Vogue DKNY V1235
In front of the d’Ursel Castle where the wedding took place.

The story of the Rosa Shirt Dress – Tilly and the Buttons

I finally finished my Rosa Shirt Dress from Tilly and the Buttons. Pfft, that was a long-term project. I started it the beginning of December 2016. In fact, I thought my first blog post would be about it. More, I wrote it already in my head: “My first shirt dress, my first Tilly and the Buttons pattern and my first blog post”. Little I did know…Rosa shirt dress - Tilly and the Buttons

The chorus line fabric

The fabric is a 100% viscose I bought in Paris, at Sacrés Coupons, last September 2016. I immediately fell in love with the design. It reminded me of the girls in the chorus lines of films from Busby Berkeley, which I adore.

a chorus line

Rosa shirt dress - Tilly and the Buttons

Beautiful this fabric may be, it is a real burden to work with. Viscose fabric can’t lay still on your table. So I had to cut out every piece on a single layer. To match the fabric lines I used the fabric piece to cut out its twin. It took forever!! (Having to cut on the garden table in our holiday house didn’t help either.)

The Rosa Shirt Dress Pattern
This is the first pattern I sewed from Tilly and the Buttons and it was a very satisfying experience. I bought the paper version of the pattern. It came in a nice envelope with pattern and instruction booklet. I chose the dress because of the flattering semi-fitted shape caused by the curved princess seams.
Based on my measures I cut out a straight 7. Being a #sewingtall girl I lengthened the bodice with 3,5cm and the hem with 5 cm. Here I did something stupid. To lengthen the pattern I used leftovers from the pattern paper but I didn’t notice I used my, already cut, collar pattern piece. Luckily Tilly sent me the pdf pattern to replace the lost collar. What a great service!
Next time I will lengthen it more as it came out on the short side.

Rosa shirt dress - Tilly and the Buttons

The sewing process

The instructions in the booklet are detailed and illustrated with clear photos. So it was not difficult except I didn’t get my tension right for the topstitching. (Another struggle in this project). I put some golden piping on the front yoke. Then I got a case of sewing block and didn’t work on it for four months.

Rosa shirt dress - Tilly and the Buttons

Because of the Sew together a shirt dress for Summer challenge the sewing community is currently buzzing with all kind of info about sewing a shirt dress. That gave me desire to finish my Rosa. With a stretch needle, a walking foot, new thread and a deep breath it worked out. Also very helpful were the tips and tricks about buttonholes and collars, posted by the #sewtoghetherforsummer team.
As I am not fond of rolled-up sleeves with tabs I finished them with a small elastic.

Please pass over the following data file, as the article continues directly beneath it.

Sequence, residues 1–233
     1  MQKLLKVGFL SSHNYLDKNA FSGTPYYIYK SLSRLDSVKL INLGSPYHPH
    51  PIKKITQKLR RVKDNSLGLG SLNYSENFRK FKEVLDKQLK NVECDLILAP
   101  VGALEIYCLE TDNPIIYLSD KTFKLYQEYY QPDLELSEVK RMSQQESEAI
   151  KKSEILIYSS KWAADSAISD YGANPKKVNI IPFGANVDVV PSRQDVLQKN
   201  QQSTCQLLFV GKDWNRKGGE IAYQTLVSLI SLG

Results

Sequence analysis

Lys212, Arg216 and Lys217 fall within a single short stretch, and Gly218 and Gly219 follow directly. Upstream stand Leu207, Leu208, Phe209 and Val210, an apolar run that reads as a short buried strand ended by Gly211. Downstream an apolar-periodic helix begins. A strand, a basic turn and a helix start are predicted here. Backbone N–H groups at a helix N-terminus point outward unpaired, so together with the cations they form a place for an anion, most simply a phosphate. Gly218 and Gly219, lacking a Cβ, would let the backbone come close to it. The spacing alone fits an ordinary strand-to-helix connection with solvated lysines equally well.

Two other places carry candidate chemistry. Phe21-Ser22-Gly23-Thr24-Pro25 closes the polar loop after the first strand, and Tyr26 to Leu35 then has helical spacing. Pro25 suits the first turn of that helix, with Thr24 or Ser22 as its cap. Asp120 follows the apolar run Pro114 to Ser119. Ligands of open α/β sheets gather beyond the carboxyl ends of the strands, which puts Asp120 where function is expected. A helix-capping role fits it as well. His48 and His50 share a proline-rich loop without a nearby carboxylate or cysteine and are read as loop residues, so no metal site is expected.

Is this a quick sew?

No, the Rosa Shirt dress isn’t a quick sew. Not only because of my struggles but also because there is a lot of stitching to do: the princess seams, the yokes, the piping, the topstitching. Plus, the construction of the collar and buttonholes takes time. It is not that difficult though when you follow the instructions.

Rosa shirt dress - Tilly and the Buttons

Rosa shirt dress - Tilly and the Buttons

Conclusion

Sewing the Rosa Shirt dress was quite a chore—due to the briskness of the fabric—but I am glad I sewed it. I’m wearing it for two days now and it’s been an absolute pleasure. More, I love that it is a shirt dress. Will I sew another? A shirt dress, yes.  Will it be a Rosa? I don’t know yet because first I would like to tackle the Carolyn Pajamas dress.

Rosa shirt dress - Tilly and the Buttons
Rosa or Calamity Jane?

The Virginia leggings from Megan Nielsen – SewMyStyle#3

The third piece of the Project Sew MyStyle are the Virginia leggings from Megan Nielsen. Although wearing leggings is way out of my comfort zone I accepted the challenge. Now, I am glad I did because they feel so comfortable and the fit is on the spot.

 

Is this a quick sew?

The goal of the SewMyStyle project is to sew together one garment every month and post your sewing on the last Sunday of that month. Strange enough I was still expecting there to be another Sunday in March. So I thought I had all the time left and was planning on sewing my leggings next week. It was the post of Alex on Instagram that warned me that in fact, I had to sew it this Sunday. Luckily I had my fabric and I could finish it in exactly two hours—from printing the pattern till putting it on.

The Virginia leggings pattern

This is the first pattern from Megan Nielsen that I sewed and it was a very pleasing experience. The 17-pages PDF-pattern has clear marks for the gluing. There are only two patterns pieces: the legging and the waistband.
Based on my measures I cut out a straight XL and I did not lengthen the legs, although I am 181 cm. I checked it with my Hudson pants and saw they were long enough. I love the scrunched look at the ankles.
I opted for the natural waist version and raised the waist with another 10 cm. In hindsight, 8 cm would be enough but they are sitting comfortable.

The Sewing Process

The Virginia leggings come together easily. The instructions are clear and you only have to sew three seams and the waistband. I sewed all the seams on my serger and used my beloved fagot stitch on my sewing machine for the hems.